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Law prof named CCO of ‘wounded’ Michigan State University

A law professor has become the chief compliance officer at Michigan State University as the school tries to recover from one of the worst sex abuse scandals in American history.

Nicholas Wittner moved last month from MSU’s law school to the newly created CCO job.

“I am here to ensure compliance. I’m not here to protect Michigan State’s brand . . ., ” Wittner told the Detroit Free Press.

In May, Michigan State agreed to pay $500 million to victims of Larry Nassar.

Nassar, 54, molested at least 250 girls during the 20 years he worked at MSU as an osteopathic phsician and served as team doctor for the USA Gymnastics national team.

He’s serving federal and state prison sentences of more than 300 years.

MSU reserved another $70 million for future settlements.

“What I’d really like to accomplish, along with the board and administration, is to take us from where we are now to being a model institution for compliance and ethics,” Wittner said in Corporate Counsel.

Prof Wittner taught at Michigan State’s law school for the past four years with the title of Professor of Law in Residence. His courses included litigation procedure and products liability. He was a visiting professor at MSU’s law school from 2010 to 2013.

Before teaching law, he spent 20 years in the law department at Nissan North America. While there, he helped the company create its compliance program.

Wittner earned his undergraduate degree in 1975 from Michigan State and his JD from Wayne State in Detroit in 1979.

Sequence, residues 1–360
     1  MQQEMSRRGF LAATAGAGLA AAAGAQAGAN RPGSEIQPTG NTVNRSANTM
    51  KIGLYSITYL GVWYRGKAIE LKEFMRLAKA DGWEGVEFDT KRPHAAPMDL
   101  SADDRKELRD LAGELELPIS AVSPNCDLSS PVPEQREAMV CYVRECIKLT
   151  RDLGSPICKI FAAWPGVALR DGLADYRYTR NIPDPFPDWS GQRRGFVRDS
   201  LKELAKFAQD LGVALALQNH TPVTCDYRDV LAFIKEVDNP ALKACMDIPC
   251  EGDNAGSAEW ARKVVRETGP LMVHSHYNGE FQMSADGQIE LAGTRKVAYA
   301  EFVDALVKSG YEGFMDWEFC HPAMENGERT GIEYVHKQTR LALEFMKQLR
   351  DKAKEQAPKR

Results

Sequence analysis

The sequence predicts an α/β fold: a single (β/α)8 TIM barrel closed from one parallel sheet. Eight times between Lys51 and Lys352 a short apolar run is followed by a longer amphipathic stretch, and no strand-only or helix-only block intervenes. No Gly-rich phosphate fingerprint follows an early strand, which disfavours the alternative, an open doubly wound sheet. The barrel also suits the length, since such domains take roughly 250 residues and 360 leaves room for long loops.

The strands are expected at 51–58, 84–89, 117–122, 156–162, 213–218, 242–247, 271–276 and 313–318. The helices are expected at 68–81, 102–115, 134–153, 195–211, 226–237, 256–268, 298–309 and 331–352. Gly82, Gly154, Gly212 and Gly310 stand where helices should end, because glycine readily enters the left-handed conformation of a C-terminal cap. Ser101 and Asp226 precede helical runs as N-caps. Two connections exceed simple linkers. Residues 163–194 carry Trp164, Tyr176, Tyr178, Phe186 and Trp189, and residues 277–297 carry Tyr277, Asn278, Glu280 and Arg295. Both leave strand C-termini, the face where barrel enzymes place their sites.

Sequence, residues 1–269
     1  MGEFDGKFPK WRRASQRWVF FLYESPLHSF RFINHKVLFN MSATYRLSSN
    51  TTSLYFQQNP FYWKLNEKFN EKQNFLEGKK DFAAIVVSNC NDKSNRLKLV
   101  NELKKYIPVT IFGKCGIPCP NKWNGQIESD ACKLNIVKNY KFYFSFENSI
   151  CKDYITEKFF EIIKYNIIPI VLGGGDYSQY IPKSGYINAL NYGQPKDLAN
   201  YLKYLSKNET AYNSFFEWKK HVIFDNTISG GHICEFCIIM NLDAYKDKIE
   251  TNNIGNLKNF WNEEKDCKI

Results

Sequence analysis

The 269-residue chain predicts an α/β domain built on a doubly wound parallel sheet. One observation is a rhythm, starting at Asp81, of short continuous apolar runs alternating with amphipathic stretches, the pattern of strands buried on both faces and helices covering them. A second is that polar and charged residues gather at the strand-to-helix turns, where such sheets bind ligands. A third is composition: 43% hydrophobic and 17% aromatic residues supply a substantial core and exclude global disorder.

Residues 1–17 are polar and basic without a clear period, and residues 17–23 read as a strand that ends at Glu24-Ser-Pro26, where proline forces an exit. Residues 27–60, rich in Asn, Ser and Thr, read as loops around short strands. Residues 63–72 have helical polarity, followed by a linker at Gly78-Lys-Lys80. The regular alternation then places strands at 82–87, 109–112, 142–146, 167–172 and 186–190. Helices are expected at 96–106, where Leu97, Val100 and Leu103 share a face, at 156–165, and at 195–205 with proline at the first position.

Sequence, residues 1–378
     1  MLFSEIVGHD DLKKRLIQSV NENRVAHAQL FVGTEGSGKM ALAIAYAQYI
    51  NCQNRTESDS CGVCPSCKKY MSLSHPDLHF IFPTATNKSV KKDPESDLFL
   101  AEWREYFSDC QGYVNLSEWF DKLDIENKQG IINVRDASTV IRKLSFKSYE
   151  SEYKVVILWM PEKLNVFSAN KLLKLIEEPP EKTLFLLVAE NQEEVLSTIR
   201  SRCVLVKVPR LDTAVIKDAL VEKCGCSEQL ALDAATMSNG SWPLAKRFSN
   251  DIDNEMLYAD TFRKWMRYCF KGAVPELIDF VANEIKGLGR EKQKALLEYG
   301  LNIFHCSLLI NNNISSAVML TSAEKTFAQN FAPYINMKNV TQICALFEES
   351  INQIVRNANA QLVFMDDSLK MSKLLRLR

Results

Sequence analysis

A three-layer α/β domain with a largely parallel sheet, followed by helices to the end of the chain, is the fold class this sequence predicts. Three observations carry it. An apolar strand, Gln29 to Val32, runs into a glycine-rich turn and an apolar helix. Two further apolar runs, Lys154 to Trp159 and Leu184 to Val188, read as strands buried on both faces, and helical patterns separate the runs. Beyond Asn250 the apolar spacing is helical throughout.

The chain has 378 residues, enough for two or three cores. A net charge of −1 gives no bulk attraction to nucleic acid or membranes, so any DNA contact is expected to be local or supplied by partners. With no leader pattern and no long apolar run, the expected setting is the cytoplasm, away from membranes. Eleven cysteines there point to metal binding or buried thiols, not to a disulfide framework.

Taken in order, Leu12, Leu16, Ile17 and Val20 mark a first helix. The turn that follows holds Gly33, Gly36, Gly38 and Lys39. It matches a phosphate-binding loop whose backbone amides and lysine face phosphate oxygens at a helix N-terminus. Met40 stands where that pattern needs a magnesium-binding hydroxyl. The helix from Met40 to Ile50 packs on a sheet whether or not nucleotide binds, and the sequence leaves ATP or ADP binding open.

“I’m a Spartan. My wife is a Spartan. I’m embarrassed. I’m heartbroken (for Nassar’s victims),” Wittner said.

“We can’t have anything like that happen again. I will do everything in my authority to make sure it never happens again. … I have broad authority.”

He’ll head MSU’s newly created Office of Enterprise Risk Management, Ethics and Compliance. The university’s other compliance staff will report to him.

Wittner will report directly to both university acting president, John Engler, and the eight-member MSU board.

It isn’t clear how long Wittner intends to serve in the new CCO role. His law school bio page shows him “on leave 2018-19.”

Wittner said he didn’t apply for the CCO job and only accepted after a call from Engler.

“My mission is to safeguard the MSU community,” he said. “There’s no way to restore the reputation (of MSU) unless you achieve that first, which is to protect the students.”


Tina Song is a staff writer for the FCPA Blog and a product manager for FCPA Tracker.

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